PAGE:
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Franklin Delano Roosevelt, (1882-1945), 32nd of the United States. Roosevelt became president in March 1933 at the depth of the Great Depression, was reelected for an unprecedented three more terms, and died in office in April 1945, less than a month before the surrender of Germany in World War II. Despite an attack of poliomyelitis, which paralyzed his legs in 1921, he was a charismatic optimist whose confidence helped sustain the American people during the strains of economic crisis and world war.
He was one of America's most controversial leaders. Conservatives claimed that he undermined states' rights and individual liberty. Though Roosevelt labored hard to end the Depression, he had limited success. It was not until 1939 and 1940, with the onset of heavy defense spending before World War II, that prosperity returned. Roosevelt also displayed limitations in his handling of foreign policy. In the 1930's he was slow to warn against the menace of fascism, and during the war he relied too heavily on his charm and personality in the conduct of diplomacy.
Still, Roosevelt's historical reputation is deservedly high. In attacking the Great Depression he did much to develop a partial welfare state in the United States and to make the federal government an agent of social and economic reform. His administration indirectly encouraged the rise of organized labor and greatly invigorated the . His foreign policies, while occasionally devious, were shrewd enough to sustain domestic unity and the allied coalition in World War II. Roosevelt was a president of stature.
The future president was born on Jan. 30, 1882, at the family estate in Hyde Park, N.Y. His father, James (1828-1900), was descended from Nicholas Roosevelt, whose father had emigrated from Holland to New Amsterdam in the 1640's. One of Nicholas' two sons, Johannes, fathered the line that ultimately produced President Theodore Roosevelt. The other son, Jacobus, was James' great-great-grandfather.
James graduated from Union College (1847) and Harvard Law School, married, had a son, and took over his family's extensive holdings in coal and transportation. Despite substantial losses in speculative ventures, he remained wealthy enough to journey by private railroad car, to live graciously on his Hudson River estate at Hyde Park, and to travel extensively.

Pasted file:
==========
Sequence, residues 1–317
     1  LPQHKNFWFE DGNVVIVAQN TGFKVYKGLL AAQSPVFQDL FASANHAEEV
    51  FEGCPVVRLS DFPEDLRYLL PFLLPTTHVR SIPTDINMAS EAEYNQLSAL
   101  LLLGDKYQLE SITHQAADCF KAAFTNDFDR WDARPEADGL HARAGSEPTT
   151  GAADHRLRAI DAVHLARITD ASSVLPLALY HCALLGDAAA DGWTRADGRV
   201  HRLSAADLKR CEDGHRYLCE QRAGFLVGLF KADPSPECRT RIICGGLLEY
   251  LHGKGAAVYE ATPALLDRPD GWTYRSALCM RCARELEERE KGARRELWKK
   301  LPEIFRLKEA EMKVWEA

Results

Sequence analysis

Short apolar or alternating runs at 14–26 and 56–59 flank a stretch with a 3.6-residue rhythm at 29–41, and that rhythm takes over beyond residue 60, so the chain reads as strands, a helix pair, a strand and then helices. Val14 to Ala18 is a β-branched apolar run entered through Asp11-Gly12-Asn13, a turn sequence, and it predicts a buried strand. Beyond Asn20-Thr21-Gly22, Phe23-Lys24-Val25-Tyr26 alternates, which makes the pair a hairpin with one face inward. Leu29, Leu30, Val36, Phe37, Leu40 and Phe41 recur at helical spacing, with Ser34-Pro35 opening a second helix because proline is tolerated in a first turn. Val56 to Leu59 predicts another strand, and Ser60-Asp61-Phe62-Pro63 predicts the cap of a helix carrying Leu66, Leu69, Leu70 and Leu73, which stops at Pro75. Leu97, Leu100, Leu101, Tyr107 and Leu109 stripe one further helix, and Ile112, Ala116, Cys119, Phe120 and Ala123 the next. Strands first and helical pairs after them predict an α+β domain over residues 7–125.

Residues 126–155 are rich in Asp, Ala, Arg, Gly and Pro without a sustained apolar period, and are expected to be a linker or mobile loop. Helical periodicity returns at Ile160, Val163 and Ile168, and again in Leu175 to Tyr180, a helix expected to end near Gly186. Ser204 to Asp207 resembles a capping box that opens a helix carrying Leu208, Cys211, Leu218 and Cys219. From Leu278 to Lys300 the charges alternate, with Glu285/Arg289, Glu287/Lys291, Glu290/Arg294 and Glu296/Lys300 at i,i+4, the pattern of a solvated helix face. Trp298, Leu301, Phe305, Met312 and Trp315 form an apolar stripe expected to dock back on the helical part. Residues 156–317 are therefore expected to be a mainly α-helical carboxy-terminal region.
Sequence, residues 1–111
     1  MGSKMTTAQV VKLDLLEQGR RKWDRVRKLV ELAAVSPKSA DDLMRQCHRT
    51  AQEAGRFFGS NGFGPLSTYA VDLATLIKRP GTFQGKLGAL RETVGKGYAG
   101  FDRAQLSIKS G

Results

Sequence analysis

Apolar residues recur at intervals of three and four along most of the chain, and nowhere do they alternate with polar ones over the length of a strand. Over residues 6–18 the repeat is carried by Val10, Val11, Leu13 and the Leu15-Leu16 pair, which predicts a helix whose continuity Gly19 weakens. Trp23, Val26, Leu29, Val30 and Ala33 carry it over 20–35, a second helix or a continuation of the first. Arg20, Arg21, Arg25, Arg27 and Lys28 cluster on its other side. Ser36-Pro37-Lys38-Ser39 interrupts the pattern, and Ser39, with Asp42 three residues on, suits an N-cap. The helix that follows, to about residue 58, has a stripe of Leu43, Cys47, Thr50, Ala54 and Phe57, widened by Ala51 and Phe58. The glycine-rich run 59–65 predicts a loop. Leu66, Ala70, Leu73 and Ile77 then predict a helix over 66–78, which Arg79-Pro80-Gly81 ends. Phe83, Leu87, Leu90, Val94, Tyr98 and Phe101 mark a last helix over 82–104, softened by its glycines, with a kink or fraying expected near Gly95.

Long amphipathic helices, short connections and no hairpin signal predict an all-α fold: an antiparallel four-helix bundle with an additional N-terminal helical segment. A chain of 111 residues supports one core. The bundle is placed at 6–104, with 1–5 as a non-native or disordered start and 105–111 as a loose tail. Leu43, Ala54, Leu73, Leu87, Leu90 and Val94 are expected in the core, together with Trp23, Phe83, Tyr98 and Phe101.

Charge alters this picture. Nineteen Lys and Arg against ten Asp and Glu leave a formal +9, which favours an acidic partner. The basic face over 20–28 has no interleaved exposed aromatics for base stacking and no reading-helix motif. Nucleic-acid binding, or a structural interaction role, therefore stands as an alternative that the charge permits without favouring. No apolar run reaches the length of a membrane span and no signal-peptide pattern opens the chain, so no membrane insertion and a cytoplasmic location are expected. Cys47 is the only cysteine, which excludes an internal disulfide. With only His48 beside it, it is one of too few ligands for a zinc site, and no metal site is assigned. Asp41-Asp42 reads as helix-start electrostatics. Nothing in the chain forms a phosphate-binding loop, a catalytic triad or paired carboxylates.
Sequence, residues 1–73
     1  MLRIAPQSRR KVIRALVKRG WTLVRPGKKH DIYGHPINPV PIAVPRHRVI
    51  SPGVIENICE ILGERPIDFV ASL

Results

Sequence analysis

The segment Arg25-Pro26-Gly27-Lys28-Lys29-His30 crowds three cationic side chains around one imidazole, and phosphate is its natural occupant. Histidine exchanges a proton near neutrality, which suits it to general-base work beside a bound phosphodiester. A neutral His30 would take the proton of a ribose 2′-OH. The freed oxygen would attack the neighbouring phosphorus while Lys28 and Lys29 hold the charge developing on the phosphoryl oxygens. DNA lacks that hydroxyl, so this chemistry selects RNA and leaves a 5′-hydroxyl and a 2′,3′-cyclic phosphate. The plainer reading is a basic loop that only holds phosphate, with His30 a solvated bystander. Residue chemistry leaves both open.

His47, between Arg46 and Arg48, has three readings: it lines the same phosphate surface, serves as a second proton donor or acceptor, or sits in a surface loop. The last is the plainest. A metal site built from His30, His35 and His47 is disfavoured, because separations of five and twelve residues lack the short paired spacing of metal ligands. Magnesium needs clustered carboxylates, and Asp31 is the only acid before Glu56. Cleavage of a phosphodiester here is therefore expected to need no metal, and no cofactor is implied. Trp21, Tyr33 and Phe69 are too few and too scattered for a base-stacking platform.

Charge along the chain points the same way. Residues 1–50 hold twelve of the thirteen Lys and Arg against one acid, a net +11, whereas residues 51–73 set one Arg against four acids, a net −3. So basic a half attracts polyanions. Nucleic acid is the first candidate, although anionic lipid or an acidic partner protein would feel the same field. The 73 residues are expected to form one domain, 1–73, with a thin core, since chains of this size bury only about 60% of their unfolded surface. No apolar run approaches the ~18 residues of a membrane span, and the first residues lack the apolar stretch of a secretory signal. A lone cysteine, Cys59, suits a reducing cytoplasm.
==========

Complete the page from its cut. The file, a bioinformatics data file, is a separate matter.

Four years after his first wife died in 1876, James met and married Sara Delano, a sixth cousin. She, too, was a member of the Hudson River aristocracy. Her father, one of James' business associates, had made and lost fortunes in the China trade before settling with his wife and 11 children on the west bank of the Hudson. Sara had sailed to China as a girl, attended school abroad, and moved in high social circles in London and Paris. Though only half her husband's age of 52 at the time of her marriage in 1880, she settled in happily at Hyde Park. Their marriage was serene until broken by James' death in 1900.
His record at Harvard, which he attended between 1900 and 1904, was only slightly more impressive. Thanks to his excellent preparation at Groton, he was able to complete his course of study for his B.A. in 1903, in only three years. During his fourth year he served as editor of the Crimson, the college newspaper. However, he was not accepted for Porcellian, Harvard's most prestigious social club, and he did not receive much stimulation in the classroom. As at Groton, his grades were mediocre, and he showed no excitement about his studies.
At this point politics gave him a sense of purpose. The Democratic organization in Dutchess county, the area around Hyde Park, needed a candidate for the New York state Senate in 1910. Party leaders recognized that although Roosevelt had no political experience he had assets as a candidate: the wealth to finance a campaign, and the best-known political name in the United States. Roosevelt worked as never before during the campaign. Acquiring a car, he crisscrossed the county in his quest for support. He showed skill at making himself agreeable to voters and a willingness to listen to the advice of political veterans. As at Groton and Harvard, during his political career he proved open and adaptable. For all these reasons Roosevelt won impressively in the usually Republican district.
Roosevelt made an immediate impact in the legislative session of 1911. At that time U. S. senators
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United States Assistant Secretaries of the Navy, Franklin D. Roosevelt, Delano family, Freemen of the City of London, Sons of the American Revolution, Theodore Roosevelt, Hyde Park, New York, Roosevelt, James Farley, Fireside chats, Roosevelt family, Eleanor Roosevelt
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